By Jamie Mazzotta
NEW KENSINGTON, Pa. – Arnold chief of police Eric Doubt and fellow school board member Bob Pallone say they need more funding to help set up new educational programs will allow for the money to stay in the district.
They both said that the biggest problem is students leaving the district to go to cyber or charter schools. Out of a $12 million budget, 1.2 million is going to vouchers for those alternative schools.
“That money does not include the fact that we are responsible for bussing the students to the alternative schools,” Doubt said.
Doubt and Pallone said that they have both have been on the school board for three years and have children in the district, which raises their concerns. The vouchers for alternative schools are taking away from the education the school has to offer and penalizing students who do not deserve it. According to Pallone, about 100 students left the district last year, and half were due to behavior problems.
“We lost $960,000 because of students with behavior problems,” Pallone said in a phone interview.
The district has since developed an alternative education program for students with behavior problems that has cost $100,000. The program included hiring a new teacher to get the program up and running, but still saved the district about $800,000 per school year, the school board members said. The alternative education program forces the students to stay in the district. Students no longer have a choice to leave, are in one classroom with the same students and teacher all day, and are unable to distract students that want to learn, Doubt and Pallone said.
There are still about 50 students whose parents choose cyber or private schooling. Some people make this choice because of the distractions at the public schools, and some simply don’t want their child in public schools, according to Pallone. Pallone said that the school board has yet to find a way to solve these particular problems.
The Valley school board members have said that they are working towards getting a cyber program that would allow for the students and the money to stay in the district. This would mean having several classrooms with teachers and computers to provide the cyber school to the students. Being able to meet the district’s parents’ wants and needs for their children will help to keep the funding in the district, Doubt said.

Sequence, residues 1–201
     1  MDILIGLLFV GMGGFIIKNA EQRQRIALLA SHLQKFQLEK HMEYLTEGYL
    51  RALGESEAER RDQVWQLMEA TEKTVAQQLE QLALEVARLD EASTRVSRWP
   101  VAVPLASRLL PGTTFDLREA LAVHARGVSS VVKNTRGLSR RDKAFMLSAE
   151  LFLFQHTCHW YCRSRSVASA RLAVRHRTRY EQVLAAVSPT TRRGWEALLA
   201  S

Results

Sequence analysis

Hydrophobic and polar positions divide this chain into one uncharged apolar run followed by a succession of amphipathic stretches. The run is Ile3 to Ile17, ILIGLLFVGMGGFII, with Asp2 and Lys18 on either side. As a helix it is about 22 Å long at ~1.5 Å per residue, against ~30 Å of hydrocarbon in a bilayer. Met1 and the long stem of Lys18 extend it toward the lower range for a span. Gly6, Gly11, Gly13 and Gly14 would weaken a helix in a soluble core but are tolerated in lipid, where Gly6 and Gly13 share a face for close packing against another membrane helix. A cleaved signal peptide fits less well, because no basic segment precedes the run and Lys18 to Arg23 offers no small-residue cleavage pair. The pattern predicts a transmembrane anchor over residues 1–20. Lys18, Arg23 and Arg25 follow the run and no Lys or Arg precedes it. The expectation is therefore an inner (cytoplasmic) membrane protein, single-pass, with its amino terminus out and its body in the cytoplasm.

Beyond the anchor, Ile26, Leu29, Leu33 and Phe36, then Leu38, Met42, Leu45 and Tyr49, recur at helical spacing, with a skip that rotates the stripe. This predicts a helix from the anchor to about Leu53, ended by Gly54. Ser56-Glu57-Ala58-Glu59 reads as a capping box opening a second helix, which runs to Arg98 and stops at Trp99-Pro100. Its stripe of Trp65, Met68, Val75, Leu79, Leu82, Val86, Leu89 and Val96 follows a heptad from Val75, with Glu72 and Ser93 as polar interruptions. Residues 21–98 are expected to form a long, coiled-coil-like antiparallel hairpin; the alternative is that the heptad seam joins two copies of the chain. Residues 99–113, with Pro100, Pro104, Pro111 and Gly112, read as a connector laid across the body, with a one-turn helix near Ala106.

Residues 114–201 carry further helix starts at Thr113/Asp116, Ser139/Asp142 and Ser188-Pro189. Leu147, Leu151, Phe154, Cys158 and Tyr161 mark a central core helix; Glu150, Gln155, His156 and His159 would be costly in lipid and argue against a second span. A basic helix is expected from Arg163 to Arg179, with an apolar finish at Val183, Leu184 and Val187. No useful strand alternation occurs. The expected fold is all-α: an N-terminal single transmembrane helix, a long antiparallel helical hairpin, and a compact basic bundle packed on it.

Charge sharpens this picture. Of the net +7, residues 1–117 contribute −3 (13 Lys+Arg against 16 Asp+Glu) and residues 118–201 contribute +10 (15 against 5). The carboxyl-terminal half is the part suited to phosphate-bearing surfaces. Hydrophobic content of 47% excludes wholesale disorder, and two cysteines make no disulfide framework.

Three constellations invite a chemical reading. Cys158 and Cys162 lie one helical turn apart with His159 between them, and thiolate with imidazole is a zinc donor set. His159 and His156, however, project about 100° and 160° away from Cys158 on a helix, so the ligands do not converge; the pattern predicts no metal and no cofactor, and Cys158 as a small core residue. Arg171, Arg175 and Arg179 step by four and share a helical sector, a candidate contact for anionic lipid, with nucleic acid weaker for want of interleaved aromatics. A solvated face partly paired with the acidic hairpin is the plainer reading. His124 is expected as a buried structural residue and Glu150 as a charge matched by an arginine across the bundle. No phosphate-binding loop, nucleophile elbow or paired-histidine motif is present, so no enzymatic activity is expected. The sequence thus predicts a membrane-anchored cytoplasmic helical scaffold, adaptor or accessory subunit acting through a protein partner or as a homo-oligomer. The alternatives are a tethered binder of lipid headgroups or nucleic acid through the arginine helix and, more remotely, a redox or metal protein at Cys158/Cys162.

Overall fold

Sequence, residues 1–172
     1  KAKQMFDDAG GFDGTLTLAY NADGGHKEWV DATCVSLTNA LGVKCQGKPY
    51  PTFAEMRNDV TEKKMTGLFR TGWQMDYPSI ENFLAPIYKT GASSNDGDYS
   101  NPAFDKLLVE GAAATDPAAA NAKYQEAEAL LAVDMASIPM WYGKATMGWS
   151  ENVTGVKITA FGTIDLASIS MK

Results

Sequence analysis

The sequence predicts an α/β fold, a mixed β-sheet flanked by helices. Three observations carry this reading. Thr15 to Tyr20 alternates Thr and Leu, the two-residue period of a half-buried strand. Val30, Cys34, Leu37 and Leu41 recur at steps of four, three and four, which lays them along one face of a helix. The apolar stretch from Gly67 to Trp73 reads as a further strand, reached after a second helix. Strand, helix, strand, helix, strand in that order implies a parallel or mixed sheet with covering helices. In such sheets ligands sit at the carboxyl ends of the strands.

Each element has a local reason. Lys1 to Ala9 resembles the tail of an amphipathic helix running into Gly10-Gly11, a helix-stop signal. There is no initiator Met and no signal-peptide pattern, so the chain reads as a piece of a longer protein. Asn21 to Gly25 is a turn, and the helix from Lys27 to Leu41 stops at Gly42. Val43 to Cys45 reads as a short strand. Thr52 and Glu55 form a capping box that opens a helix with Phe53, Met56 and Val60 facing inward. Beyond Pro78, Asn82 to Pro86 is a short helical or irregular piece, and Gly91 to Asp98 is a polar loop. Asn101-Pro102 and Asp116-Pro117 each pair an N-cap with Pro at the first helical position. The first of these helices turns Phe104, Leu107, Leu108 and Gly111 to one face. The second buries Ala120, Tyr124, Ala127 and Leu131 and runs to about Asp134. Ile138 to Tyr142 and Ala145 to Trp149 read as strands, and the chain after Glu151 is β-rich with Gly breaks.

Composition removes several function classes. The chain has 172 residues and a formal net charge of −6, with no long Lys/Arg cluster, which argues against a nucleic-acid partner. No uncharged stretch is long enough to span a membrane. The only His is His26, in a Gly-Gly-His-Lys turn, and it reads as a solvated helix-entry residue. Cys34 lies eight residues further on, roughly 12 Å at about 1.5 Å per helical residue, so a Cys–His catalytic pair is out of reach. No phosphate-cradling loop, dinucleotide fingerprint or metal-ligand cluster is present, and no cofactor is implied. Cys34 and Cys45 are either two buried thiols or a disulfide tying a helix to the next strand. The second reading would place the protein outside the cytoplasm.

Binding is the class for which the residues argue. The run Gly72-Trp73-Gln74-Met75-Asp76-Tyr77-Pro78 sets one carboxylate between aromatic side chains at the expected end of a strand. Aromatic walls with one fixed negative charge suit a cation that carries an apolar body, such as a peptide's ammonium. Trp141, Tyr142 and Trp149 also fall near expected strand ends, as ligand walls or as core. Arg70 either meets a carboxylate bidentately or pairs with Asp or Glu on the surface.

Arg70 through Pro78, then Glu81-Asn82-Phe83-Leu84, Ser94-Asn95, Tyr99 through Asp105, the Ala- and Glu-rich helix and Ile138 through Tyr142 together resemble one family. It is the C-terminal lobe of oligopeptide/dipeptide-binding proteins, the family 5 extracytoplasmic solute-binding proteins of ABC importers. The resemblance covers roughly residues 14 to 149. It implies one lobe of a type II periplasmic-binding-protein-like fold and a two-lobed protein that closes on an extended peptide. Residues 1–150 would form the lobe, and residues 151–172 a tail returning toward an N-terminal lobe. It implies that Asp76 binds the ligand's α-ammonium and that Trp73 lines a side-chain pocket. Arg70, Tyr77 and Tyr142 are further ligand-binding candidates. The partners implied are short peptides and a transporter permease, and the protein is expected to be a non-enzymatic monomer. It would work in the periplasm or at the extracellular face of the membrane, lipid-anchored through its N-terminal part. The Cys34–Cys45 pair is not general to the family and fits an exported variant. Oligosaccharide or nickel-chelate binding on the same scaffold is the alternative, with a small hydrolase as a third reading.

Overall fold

“The big problem I see with these cyber schools is that there is no checks and balances,” Pallone said, “The teachers are not necessarily certified teachers, and the students are not supervised all day.”
Doubt pointed out that cyber schools present other problems. There are no progress reports, there is no testing implemented in the program, and students are still failing the state standardized tests due to the unsupervised schools, Doubt said..
“My son used to hate going to school because of the behavior problems in the classrooms, but this year he has said there have been less students distracting him and his teachers from learning and teaching,” Kim Hill, a mother of a junior at Valley High School said, “We are both glad for the alternative education program that have made this possible, and my son no longer says he hates school.”
Doubt and Pallone say they are proud of the success the alternative education program has brought the students and parents but are still eager to get a cyber program together to continue to help the students succeed even further.